When you first visit the website you’ll be presented with a very simple almost “no-design” concept. Obviously I’ve drawn some inspiration from Hacker News (news.ycombinator.com). There’s a placeholder for a screencast which I’ll use to onboard new users to explain how the site works and perhaps add a link to a wiki for additional documentation, but nothing fancy. In the top right is the “login” icon.
Currently the site is tied into Dwolla’s payment system. Some of the reasons for this are: (1) They have no-cost transfers for even small [micro] amounts, and (2) The API is friendly and easy to use. While it’s not going to happen immediately I’m certainly open to adding other payment platforms as I learn about them and find that they are a good match for what I’m trying to accomplish. The one real downside is that Dwolla (at least at the moment) is not international, so as things stand this is going to be US-only for the near term. It’s a shame we don’t get free international transfers, but I can certainly imagine a future where this could become a reality. It appears Dwolla is open to it, but have not seen enough interest internationally apparently to warrant investing the time / effort.
After I’ve allowed access to these permissions, I’m presented with a basic menu of options:
The menu is broken into 2 sections: (1) Donations, and (2) Projects. This represents the “roles” that a user may need to manage. First, a user needs to have a set of tools to manage the donations they are making to other projects, and on the other hand they also need a set of tools to manage the projects they’ll be soliciting donations for.
The Account screen gives me some basic options for my account as a donor. (a) Monthly Contribution: How much money do I want to donate across all of my selected projects every month, (b) What day of the month do I want my donations to be processed, (c) What is my timezone [helpful to ensure timely delivery of email notifications] (d) What email address should the system use to communicate with you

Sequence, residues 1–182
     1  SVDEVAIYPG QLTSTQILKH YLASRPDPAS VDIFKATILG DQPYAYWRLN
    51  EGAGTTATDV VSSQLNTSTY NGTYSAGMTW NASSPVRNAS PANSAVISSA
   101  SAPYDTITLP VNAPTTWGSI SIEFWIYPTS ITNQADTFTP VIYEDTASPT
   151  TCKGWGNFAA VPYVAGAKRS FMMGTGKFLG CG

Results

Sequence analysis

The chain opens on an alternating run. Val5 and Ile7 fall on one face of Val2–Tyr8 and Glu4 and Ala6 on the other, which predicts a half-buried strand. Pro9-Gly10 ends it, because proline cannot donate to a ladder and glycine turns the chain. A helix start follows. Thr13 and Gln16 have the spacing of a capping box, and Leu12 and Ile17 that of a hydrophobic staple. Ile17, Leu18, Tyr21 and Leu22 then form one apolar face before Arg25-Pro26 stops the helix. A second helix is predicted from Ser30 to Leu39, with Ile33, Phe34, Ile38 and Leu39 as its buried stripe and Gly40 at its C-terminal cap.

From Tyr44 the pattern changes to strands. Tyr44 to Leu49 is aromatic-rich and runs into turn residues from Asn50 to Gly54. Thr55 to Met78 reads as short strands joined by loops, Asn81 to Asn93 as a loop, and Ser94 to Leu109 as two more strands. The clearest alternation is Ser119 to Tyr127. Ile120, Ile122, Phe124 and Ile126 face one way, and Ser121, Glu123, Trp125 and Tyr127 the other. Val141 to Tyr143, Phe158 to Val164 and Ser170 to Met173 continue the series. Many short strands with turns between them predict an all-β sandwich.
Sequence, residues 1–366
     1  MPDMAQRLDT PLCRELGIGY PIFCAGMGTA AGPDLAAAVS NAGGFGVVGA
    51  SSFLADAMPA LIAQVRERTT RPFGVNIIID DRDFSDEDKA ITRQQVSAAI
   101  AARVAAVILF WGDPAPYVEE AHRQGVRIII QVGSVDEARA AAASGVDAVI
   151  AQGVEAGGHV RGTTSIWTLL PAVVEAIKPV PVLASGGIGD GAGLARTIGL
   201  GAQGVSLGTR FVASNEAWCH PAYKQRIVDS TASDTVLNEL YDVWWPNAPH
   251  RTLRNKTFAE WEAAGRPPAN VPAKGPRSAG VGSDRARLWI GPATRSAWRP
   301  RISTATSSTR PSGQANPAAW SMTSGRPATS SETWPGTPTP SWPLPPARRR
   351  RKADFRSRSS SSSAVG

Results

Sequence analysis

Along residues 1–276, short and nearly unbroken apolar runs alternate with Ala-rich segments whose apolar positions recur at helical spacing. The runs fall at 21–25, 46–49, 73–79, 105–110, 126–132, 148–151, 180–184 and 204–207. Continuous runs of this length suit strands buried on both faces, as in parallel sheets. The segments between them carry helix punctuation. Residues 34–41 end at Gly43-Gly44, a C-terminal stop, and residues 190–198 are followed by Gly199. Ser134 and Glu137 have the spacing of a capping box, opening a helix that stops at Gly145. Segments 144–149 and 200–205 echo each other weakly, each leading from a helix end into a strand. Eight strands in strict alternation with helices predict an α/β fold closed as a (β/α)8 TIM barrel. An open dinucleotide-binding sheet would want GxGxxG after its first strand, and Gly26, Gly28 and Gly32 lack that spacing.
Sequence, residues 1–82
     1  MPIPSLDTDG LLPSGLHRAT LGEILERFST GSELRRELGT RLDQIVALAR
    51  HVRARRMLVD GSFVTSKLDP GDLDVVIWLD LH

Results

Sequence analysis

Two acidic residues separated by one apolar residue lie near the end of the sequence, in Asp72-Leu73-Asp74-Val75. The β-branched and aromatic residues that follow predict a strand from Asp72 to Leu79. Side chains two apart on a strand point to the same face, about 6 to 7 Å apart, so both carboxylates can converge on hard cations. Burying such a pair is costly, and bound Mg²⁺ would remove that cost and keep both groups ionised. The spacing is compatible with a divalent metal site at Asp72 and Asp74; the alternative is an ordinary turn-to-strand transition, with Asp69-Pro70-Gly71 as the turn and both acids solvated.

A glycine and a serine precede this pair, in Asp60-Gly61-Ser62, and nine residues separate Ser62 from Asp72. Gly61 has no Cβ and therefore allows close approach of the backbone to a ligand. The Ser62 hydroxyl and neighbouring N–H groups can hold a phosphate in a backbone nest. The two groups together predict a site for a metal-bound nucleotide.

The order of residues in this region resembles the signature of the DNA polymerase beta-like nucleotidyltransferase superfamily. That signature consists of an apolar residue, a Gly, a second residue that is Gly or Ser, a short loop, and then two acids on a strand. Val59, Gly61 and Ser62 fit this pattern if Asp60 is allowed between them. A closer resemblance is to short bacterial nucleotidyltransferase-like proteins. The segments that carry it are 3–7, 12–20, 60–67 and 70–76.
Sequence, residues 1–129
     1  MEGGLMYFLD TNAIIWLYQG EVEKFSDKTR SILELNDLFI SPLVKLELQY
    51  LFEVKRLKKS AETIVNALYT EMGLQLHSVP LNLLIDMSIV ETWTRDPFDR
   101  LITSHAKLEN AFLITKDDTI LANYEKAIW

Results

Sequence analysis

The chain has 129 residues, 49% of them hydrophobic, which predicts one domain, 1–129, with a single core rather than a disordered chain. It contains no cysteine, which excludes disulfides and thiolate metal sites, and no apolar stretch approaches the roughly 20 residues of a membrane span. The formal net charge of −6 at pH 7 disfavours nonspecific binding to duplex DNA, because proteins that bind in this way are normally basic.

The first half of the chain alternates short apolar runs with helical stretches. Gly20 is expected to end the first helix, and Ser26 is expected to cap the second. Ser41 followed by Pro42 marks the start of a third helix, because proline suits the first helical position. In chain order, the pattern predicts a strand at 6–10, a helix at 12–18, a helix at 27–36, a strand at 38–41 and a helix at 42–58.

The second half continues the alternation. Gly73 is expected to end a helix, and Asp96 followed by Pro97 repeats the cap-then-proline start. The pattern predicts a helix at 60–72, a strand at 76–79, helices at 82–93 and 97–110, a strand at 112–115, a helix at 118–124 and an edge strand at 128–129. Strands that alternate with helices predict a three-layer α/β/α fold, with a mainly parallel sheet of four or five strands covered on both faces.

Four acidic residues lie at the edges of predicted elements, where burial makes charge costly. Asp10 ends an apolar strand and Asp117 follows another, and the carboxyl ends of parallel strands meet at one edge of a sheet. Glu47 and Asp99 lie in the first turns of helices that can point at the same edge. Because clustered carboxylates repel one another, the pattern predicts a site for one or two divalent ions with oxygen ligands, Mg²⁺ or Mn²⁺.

The “Monthly Contribution” field brings me to an important premise that I’m basing this system on. You’ll read more about later in this post, but for now it’s important to understand that within this system, as a donor I won’t be overwhelmed with all the busy work that can be associated with managing donations across many projects / people. I want to choose a single amount that I’m personally comfortable with. This way no matter how many additional projects I decide I want to start making monthly donations to, I don’t have to continually re-adjust the amounts across projects. I can rest assured knowing that my account will only ever be deducted the monthly amount, and the system will automatically re-allocate funds across those projects for me.
Providing this dynamic recalibration I think has the potential to remove alot of the friction that may be preventing microdonations from growing at a faster pace.
Funding Src Screen
This is tied into Dwolla. As you add more funding sources to your Dwolla account you will see them reflected in this dropdown. This is how you can (a) decide which funding source to use for your donations, or (b) temporarily stop making donations or disable the account. Without a Funding Source defined, the system will not make donations on your behalf.